The fog spread over the red brick streets like butter. There is an aura of mystery and profound silence greeting the morning. A swallow chimes its song. A small omen to the days beginning.
The air is crisp. The pages ruddy against my hands shifted as I pressed open the pages of my book.The coffee I’m sipping is steaming hot and the warmth against my hands is comforting.
Steaming Hot Guatemalan Coffee
The book that changed my life. The book that redeemed the way I thought about my conscious and saved my wayward thinking about Christianity.
Faith, Hope, Love by Josef Pieper is a riveting theological book that sparks all kinds of curiosity in the Christian mind. We, as Christians are all striving for the ultimate perfection of Heaven. We’re visitors to this life living as we have been called to live out our vocations, our callings. Being a visitor, viatoris, means “to be on the way”. The status viatoris is, then, the condition or state of being on the way.
To be a viator, therefore, is the state of making progress toward eternal happiness. This strikes a profound knock-on what seems the directionless doors of our society. We all strive for direction but it’s just as easy to get lost in the shuffle buried in passion, work, relationships, education, etc.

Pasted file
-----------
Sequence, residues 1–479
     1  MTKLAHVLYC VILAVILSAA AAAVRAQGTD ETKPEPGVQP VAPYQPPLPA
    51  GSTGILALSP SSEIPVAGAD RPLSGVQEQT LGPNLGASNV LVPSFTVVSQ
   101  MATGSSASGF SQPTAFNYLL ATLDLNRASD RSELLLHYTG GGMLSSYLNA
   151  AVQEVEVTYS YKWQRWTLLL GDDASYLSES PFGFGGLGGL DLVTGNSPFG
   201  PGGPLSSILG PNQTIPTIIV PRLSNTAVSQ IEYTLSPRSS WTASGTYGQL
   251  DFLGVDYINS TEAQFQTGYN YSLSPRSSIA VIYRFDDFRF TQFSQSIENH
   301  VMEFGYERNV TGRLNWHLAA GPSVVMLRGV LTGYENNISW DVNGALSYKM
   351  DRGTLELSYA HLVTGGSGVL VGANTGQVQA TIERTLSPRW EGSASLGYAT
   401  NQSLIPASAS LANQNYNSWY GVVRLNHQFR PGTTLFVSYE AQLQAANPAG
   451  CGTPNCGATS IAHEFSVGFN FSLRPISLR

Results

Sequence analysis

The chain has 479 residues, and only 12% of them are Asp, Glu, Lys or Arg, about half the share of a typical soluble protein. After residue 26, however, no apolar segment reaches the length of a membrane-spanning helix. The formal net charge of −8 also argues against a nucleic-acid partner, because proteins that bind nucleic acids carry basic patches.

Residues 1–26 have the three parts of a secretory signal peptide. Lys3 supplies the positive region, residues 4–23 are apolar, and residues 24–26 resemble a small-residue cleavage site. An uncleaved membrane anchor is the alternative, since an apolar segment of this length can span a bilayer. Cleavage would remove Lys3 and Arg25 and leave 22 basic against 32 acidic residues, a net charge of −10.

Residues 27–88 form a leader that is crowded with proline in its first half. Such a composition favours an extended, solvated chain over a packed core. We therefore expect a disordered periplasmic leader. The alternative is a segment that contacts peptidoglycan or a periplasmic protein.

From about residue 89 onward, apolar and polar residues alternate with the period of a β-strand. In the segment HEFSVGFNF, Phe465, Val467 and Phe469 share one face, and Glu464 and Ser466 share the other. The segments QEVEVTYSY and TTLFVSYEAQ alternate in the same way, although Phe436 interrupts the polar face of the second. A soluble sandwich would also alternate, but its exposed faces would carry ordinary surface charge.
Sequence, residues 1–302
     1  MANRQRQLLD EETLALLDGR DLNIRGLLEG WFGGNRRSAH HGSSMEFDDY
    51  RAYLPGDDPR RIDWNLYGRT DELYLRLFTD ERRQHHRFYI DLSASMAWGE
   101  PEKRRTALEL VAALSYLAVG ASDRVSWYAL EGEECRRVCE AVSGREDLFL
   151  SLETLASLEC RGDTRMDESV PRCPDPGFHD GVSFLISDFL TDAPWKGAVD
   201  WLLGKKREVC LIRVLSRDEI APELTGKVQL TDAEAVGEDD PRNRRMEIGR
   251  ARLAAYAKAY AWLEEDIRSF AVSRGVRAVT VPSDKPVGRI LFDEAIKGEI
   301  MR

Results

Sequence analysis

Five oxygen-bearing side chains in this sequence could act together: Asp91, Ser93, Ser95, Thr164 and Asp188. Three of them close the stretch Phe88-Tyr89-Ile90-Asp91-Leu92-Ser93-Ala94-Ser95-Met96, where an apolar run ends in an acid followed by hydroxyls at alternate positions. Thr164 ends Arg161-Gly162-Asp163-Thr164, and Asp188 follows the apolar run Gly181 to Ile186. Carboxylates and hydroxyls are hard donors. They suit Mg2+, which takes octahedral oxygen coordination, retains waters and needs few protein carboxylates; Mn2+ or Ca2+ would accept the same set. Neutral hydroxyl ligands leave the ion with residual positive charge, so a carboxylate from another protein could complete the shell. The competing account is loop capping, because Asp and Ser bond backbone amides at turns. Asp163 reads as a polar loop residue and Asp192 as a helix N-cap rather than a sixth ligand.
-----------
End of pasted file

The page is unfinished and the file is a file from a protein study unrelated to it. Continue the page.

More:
The way of man leads to death. The antonym of status viatoris is status comprenensoris which describes one that has comprehended, encompassed, arrived, is no longer a viator but a comprehensor. This word was borrowed from St. Paul’s epistles: “Brethren, I do not consider that I have laid hold of [the goal] already” (Phil 3:13)
The state of being on the way is not to be understood in a primary and literal sense as a designation of place. It refers rather to the innermost structure of created nature. It is the inherent “not yet” of the finite being.
So, therefore, the innermost structure would be how we think and what we do. At least that’s how I interpret it. Not a physical state of being but a look at the insides of who we are and where we’re going. It’s quite intense to think about, emphatically perplexing and overwhelming.
Now that the dust has settled from my life. I am able to look around and reflect on where I am and where I want to go. How I can strive for the perfection of heaven in my everyday. How I can help others on their status viatoris.
Where am I on my status viatoris? What am I called to do on my pilgrimage?
We, as Christians are all on a faithful pilgrimage trying to avoid sin and reach Heaven.